This is probably one of the best things that I have done in my life so far. Below is an article that we published in IEEE. Click here to access the full paper.
PV-Battery Systems for Critical Loads during Emergencies: Case Study from Puerto Rico after Hurricane Maria
Hurricane Maria struck Puerto Rico on September 20, 2017 and left large parts of the island without electricity for months. As Figure 1 shows, restoration in remote mountainous regions took considerably longer.
Long-term power outages can be lethal to individuals who rely on electrically-powered medical devices or require medicines that must be refrigerated. While the initial death toll of Hurricane Maria is 64, due to the lack of utilities, such as electricity, the actual number of deaths caused by Hurricane Maria is closer to 2975. This number is calculated by comparing the total medical-related deaths during 2017 with the average numbers in the past four years. Another study estimates the death toll at 4645. It is likely that remote areas were more severely affected because damaged roads not only prevented access to medical facilities but also hampered the regular delivery of medical supplies and fuel for portable generators. Communities at large were deprived of electricity, water, hospitals and clinics, communication and transportation availability for months; and still 200 days later, 0.16 million people lack electricity. The devastating destruction from the hurricane is highlighted in Figure 2.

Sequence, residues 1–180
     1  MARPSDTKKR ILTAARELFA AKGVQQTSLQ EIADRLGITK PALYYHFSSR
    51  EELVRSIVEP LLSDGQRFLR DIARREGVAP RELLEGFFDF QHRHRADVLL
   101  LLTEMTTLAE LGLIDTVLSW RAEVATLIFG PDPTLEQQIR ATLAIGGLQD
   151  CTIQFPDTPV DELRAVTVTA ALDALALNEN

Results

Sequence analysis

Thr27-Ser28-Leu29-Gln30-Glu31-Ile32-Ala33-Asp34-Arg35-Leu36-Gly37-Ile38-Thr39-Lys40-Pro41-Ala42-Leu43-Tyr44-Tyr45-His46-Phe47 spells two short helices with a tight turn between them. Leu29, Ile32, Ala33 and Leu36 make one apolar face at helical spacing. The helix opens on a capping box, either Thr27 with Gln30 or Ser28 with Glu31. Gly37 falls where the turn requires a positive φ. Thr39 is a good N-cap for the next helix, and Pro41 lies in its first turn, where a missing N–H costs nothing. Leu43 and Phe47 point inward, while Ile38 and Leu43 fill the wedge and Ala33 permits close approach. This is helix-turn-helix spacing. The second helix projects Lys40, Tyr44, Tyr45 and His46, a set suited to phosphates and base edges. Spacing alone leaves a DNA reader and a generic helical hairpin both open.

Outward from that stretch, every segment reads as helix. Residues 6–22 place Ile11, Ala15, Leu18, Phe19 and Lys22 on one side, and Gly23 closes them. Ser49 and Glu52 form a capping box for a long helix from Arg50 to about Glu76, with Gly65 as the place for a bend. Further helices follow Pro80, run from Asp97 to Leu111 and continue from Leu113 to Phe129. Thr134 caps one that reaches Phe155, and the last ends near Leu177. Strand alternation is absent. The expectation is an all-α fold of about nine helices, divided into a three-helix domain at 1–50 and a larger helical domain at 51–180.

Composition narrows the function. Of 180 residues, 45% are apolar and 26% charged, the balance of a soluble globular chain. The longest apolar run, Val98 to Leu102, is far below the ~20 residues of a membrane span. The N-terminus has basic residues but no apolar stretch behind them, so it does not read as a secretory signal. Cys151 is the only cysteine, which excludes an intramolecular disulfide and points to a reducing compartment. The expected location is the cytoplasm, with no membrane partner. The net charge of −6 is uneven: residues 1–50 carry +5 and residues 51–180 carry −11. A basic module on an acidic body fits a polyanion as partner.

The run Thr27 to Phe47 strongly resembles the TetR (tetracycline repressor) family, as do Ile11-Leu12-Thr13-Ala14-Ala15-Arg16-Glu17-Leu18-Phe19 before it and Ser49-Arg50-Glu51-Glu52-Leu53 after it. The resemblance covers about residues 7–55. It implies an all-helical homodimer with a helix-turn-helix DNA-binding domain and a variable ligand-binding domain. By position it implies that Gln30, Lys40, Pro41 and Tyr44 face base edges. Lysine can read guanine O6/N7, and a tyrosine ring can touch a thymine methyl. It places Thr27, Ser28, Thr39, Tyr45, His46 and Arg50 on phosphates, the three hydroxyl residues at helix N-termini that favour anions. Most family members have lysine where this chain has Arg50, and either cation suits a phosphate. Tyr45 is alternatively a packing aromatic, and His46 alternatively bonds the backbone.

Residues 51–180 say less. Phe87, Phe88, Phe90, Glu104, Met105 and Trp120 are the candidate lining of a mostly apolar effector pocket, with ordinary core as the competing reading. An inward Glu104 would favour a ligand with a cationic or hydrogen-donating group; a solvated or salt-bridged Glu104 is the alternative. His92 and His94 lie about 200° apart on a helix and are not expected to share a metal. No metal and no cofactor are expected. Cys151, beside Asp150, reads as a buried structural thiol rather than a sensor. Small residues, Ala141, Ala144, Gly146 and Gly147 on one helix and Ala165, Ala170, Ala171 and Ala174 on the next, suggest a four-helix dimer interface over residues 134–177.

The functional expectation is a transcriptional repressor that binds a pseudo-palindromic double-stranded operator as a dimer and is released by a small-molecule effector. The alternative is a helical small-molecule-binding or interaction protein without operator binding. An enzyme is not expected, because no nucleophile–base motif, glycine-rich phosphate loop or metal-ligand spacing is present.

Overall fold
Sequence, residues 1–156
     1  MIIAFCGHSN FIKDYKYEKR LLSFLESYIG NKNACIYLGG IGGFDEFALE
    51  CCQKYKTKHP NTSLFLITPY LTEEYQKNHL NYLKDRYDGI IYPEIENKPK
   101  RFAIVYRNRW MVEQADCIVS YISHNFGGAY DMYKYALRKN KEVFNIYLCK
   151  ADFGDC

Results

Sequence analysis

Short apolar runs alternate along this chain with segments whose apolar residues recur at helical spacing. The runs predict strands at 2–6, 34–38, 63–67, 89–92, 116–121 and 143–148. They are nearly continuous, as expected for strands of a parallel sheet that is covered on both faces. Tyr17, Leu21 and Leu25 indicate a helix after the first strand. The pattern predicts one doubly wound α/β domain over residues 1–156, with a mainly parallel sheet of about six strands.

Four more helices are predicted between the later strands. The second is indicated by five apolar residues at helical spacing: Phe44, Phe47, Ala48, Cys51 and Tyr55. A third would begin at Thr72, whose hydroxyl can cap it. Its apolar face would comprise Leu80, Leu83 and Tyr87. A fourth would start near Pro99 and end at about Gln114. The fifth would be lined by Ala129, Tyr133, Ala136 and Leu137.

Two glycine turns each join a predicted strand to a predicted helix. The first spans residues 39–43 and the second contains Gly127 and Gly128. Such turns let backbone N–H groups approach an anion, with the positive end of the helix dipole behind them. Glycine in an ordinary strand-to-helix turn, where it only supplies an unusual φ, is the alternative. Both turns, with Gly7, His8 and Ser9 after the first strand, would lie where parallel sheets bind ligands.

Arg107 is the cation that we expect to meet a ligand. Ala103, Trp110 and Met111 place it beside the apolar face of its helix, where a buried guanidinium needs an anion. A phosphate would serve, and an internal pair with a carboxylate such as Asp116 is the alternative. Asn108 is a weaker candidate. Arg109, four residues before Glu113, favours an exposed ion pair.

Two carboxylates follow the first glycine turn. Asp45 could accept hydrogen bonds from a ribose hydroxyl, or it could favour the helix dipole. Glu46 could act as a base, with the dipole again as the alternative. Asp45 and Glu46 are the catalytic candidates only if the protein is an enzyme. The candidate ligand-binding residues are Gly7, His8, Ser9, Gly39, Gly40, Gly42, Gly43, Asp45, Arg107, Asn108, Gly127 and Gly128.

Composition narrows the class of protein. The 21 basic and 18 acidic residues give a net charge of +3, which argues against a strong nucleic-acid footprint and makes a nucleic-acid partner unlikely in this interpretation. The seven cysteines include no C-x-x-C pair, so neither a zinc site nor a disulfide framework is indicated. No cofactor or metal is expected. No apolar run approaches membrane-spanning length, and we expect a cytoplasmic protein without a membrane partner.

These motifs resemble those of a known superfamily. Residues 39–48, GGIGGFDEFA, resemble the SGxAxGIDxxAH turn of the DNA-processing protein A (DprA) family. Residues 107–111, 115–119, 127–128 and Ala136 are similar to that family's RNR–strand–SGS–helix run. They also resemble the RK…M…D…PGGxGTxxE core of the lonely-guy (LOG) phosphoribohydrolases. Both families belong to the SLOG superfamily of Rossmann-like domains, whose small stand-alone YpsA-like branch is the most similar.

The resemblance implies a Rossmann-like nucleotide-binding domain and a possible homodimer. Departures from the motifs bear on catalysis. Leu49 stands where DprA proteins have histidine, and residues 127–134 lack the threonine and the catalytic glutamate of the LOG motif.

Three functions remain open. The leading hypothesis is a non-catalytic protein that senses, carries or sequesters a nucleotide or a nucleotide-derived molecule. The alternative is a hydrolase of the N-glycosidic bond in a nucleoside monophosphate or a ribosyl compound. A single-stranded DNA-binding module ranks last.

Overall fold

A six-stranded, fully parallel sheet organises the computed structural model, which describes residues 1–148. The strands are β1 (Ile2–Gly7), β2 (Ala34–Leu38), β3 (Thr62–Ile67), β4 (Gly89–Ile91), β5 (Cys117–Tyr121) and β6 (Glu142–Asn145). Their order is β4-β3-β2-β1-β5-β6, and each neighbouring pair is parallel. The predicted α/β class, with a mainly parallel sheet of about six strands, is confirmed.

Small systems combining photo-voltaic (PV) generation and battery energy storage could be deployed during such emergencies to help affected individuals cope until grid-supplied power is restored. However, very little reliable data is available on how such systems would actually be used to meet critical medical needs and thus on what their design requirements should be. In order to gather data on how emergency systems would actually work, and to provide some relief to a severely affected community, researchers from the University of Washington in Seattle made three field-trips to Jayuya, a remote small town in the mountainous center of Puerto Rico, to collect preliminary information about medical needs, install some PV-battery systems and gather the data collected by these systems after several months of utilization. Some pictures highlighting the work carried out by researchers at the University of Washington is shown in Figure 3.
C. Keerthisinghe, M. Ahumada-Paras, L. D. Pozzo, D. S. Kirschen, H. Pontes, W. K Tatum, M. A. Mattos, “PV-Battery Systems for Critical Loads During Emergencies: A Case Study from Puerto Rico After Hurricane Maria,” in IEEE Power and Energy Magazine, vol. 17, no. 1, pp. 82-92, Jan.-Feb. 2019. doi: 10.1109/MPE.2018.2877896